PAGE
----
Rural Americans are closer to receiving high-speed internet after the Federal Communications Commission voted to move ahead with a $20.4 billion plan to boost broadband connectivity in underserved areas.
Lawmakers are trying to wrap up deals this week on the U.S.-Mexico-Canada Agreement and fiscal 2020 government spending while the Trump administration faces a self-imposed deadline for getting a partial trade agreement with China.
I have to drive 20 miles to see a traffic light. To get to an airport from our farm requires a 2-hour drive to Burlington. In other words, life on our dairy farm in Vermont can feel pretty remote. That was especially true before we gained access to broadband, back when it seemed like we faced a red light at the on-ramp to the information superhighway. Now that broadband finally has come to our country home—the red light has turned green—my family can enjoy the benefits of rural living along with the connectivity that keeps us in touch with the whole world.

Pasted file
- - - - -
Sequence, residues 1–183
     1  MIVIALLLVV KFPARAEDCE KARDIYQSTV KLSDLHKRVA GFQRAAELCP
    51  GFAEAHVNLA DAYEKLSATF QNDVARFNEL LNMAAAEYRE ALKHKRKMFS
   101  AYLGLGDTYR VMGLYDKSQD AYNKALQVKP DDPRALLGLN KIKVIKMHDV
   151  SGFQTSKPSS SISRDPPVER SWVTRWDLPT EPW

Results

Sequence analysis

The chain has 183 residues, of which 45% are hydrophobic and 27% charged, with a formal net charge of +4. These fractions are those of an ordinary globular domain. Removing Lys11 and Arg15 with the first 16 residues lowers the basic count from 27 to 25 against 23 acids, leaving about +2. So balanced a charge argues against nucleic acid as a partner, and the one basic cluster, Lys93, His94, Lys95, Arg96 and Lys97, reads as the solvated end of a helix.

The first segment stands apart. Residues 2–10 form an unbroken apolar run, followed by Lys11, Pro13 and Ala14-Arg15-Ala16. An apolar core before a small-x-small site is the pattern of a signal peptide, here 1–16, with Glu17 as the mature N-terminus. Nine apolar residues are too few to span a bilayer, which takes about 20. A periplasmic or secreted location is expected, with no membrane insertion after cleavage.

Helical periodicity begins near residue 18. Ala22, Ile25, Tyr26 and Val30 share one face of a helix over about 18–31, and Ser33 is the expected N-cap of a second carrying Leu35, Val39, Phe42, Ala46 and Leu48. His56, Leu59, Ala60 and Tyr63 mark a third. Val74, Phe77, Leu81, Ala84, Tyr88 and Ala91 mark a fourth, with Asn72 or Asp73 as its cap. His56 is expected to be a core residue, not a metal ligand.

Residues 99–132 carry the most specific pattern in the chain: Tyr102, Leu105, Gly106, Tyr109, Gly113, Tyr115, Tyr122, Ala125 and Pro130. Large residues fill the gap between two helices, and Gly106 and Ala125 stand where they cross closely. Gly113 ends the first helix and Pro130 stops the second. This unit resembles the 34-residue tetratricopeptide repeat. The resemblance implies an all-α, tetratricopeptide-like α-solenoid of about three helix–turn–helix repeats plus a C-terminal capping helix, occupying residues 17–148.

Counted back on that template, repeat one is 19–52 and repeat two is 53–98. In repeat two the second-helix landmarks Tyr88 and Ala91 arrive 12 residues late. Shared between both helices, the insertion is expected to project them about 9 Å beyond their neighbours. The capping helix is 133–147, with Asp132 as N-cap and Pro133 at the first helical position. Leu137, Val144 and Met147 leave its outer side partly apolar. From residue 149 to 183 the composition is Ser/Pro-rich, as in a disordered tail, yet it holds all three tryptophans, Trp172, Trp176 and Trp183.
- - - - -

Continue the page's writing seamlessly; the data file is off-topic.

The Federal Communications Commission plans to invest about $20.4 billion in rural broadband infrastructure, a move the agency says will add high-speed internet service in about four million homes and businesses.